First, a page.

Mishaps in Masking: How Autism’s Double Life Gets Confusing


There’s someone at work who is just “insanely learned and brilliant” — they’re also my kind of person: quick-witted, uses big words, laughs at my jokes, keenly perceptive.

For example, when I told her I majored in English, she was probably the only one to ever ask what my concentration was, where I went to for undergrad, along with a host of other “second gear” questions that go beyond the typical “oh, that makes sense.”

But she said something last week that short-circuited me for a solid minute.

But first, let’s talk about masking. It’s kind of a thing among those of us who’ve cultivated or patterned a persona or other modeled behaviors that obfuscate (mask) our more ‘obvious’ autistic traits — whether out of fear, reprisal, concern, or a whole host of things.

For me? I’ve a more gregarious, outgoing front, enough of one to where people assume I’m far more of a socially-adept entertainer than I am. I don’t do well with silence and quiet awkwardness, so it’s easier for me to slither into a more humorous skin and ease tensions with light comedic touches and get others talking and energetic. It’s just easier.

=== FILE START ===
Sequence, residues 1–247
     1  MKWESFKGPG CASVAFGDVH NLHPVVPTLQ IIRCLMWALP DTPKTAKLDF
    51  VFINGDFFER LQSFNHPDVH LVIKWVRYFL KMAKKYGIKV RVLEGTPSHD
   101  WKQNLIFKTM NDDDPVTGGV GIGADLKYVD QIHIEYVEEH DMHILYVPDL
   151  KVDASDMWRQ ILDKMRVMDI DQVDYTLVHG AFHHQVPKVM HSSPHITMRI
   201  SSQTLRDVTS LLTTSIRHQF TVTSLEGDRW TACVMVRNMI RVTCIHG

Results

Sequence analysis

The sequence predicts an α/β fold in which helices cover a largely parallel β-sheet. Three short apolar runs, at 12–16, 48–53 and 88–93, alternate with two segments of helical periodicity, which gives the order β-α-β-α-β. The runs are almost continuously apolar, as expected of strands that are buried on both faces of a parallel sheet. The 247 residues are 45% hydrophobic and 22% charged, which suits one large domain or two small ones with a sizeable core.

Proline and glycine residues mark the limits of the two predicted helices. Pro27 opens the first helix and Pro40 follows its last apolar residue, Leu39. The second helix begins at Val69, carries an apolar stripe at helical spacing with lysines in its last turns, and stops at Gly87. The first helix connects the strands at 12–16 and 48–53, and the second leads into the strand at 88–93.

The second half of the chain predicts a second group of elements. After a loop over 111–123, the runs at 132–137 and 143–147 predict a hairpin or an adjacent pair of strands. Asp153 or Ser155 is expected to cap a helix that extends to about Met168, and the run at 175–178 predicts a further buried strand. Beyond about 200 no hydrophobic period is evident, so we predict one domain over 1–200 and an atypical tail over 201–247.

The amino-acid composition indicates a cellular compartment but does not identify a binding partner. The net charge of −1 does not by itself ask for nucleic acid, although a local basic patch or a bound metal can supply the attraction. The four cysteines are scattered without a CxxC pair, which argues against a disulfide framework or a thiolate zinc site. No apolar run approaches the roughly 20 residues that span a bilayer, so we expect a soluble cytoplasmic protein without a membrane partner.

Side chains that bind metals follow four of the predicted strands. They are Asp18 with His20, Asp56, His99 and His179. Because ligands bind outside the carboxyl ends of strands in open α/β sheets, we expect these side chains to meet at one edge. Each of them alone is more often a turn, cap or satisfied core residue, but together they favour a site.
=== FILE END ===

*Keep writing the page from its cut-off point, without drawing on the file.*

But that’s not quite me. 

Me and my team try attend this person’s lectures and workshops as much as possible, because she’s cool, brilliant, and perceptive. She asked how we were all doing.

Small pause.

I hopped on camera to break the ice with wry comment.

“I’m here,” I groaned, in mock moroseness.

“Oh, I’m glad you came on camera,” she remarked. “I know how much of a quiet wallflower you are in general.”

I stopped, brow furrowing, trying to reconcile within a fraction of a moment what she meant.

While I can speak sarcasm fluently, I’m far from proficient in reading it. And this definitely sounded like sarcasm, even if I knew (for myself) that what she said was more patently true than it wasn’t. My brain was about to crater and splatter matter on my camera, so I had to intervene

“Oh, you DO know that H2 is the social persona here. Hunter’s definitely less so.”

We all laughed, and in my case, nervously; I’d barely managed to avert a crisis while still deftly papering over the interruption in my understanding.

In the moment I couldn’t tell whether she was using her super-perception to bring out a more true aspect of myself or whether she made a well-meaning and funny joke about the ‘me’ that most people interact with. I got a good laugh out of it, so all’s fine!

/takes mask off

The Lives Autistic are hard and often confusing, especially when people mistake you for who you really are.

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